While Mississippians have taken advantage of this shorts-and-flip-flops turn of temperature, there is still a lot of ice! There are large mounds of ice leftover from parking lots being cleared. There are even patches and mounds of ice around people’s houses, namely mine.

I say this to confess that I have had to live out Proverbs 16:18: “Pride goes before destruction, and a haughty spirit before a fall.” Many people fell and slipped and slid on the ice this past week, but I – due mostly to abstaining from winter shenanigans – was proud that I made it through the entire spell of inclement weather without falling. I gave my father and brother a hard time after their hard falls. Haughty might be mild compared to the joking I threw their way.

But, lo and behold, Tuesday morning found me literally face-planted on my driveway, glasses thrown asunder and wrist awkwardly bent beneath the full weight of my body. I was humbled. And I was angry. I yelled and fussed and made quite a big deal about my fall. Thankfully, it appears that my wrist is only sprained, leaving my pride to be the only thing truly and rightfully broken.

You may be wondering how this relates to antichrists and 1 John, but I assure you they are wedded together in my mind today.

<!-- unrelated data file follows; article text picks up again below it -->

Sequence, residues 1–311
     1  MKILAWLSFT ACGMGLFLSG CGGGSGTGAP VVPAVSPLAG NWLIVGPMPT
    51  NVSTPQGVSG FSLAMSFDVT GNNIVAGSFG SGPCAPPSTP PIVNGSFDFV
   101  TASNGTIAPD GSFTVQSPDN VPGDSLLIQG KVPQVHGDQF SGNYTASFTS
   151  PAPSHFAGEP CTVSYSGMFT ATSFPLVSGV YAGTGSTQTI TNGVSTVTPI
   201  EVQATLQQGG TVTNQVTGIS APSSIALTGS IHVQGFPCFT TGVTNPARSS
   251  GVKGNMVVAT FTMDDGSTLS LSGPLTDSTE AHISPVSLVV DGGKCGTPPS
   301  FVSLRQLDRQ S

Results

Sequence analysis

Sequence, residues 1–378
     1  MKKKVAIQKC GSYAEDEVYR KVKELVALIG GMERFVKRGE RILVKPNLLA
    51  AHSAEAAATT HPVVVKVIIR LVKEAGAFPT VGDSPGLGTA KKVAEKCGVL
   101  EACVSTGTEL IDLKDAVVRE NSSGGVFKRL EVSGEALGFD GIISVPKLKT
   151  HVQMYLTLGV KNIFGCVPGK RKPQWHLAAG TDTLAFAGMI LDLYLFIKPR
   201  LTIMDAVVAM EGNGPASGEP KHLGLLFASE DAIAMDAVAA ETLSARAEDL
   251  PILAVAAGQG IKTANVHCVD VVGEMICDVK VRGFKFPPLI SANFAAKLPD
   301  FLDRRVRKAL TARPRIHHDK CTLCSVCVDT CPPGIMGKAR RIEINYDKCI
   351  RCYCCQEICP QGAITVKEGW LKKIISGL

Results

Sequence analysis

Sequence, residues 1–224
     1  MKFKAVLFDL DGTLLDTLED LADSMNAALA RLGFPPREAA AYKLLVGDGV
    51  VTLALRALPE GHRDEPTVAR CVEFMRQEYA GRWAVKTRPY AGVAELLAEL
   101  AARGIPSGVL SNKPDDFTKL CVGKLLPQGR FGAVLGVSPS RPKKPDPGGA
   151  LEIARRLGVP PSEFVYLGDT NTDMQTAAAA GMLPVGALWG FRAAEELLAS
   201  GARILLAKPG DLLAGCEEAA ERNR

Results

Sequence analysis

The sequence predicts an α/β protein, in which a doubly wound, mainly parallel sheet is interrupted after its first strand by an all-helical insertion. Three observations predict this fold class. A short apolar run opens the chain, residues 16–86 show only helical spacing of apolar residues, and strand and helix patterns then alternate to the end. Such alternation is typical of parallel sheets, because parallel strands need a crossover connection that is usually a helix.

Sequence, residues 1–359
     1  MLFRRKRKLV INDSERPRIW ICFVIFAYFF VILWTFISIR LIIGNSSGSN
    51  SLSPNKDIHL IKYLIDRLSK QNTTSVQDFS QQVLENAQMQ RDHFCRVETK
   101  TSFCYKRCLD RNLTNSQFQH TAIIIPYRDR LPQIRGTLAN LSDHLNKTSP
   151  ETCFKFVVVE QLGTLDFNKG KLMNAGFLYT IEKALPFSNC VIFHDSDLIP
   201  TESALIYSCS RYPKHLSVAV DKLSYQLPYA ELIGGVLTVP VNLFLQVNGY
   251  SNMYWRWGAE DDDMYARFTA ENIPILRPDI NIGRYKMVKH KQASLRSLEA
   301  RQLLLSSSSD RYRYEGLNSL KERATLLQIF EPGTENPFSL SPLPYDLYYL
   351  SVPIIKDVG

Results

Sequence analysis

Last week, we began our study of 1 John 2:18-27 and saw that it was more than we could cover in a single devotion. Our first look at this passage helped us see the difference between the church in 1 John and the antichrists that were attacking it. In it, we looked at how God helps His Church to persevere through being attacked and how the those aligned with a spirit that is literally anti-Jesus-Christ will fall away after inflicting their anti-gospel message.

This week, we are going to shift to look at the attack of the antichrists and the effects of the attack on the church in vv. 22-23.

To do this, I again remind you of the truth of the gospel. In last week’s devotion, we looked at several verses (1 Corinthians 15:3-4, 2 Corinthians 5:21, Titus 3:4-5, 1 Peter 1:3-5) that lay out the foundation for the gospel clearly. I would like to shift to a definition of the gospel written by a preacher so that we can compare the false message of the antichrists with the true message of the gospel proclaimed through the inspiration of the Holy Spirit in the preaching of the Word. David Platt defines the gospel thusly:

“The gospel is the good news that God, the loving Creator, sovereign King, and holy Judge of all, has looked upon men and women wonderfully and uniquely made in His image who have rebelled against Him, are separated from Him, and deserve death before Him, and He has sent His Son, Jesus, God in the flesh, the long-awaited King, to live a perfect and powerful life, to die a sacrificial and substitutionary death, and to rise from the grave in victory over sin, Satan, and death. The gospel is a summons from God for all people in all nations to repent and believe in Jesus for the forgiveness of sins, turning from all idols to declare allegiance to Jesus alone as King and trust in Jesus alone as Lord. All who turn from Jesus will experience everlasting, horrifying suffering in hell, while all who trust in Jesus will experience everlasting, satisfying communion with God in heaven.”[2]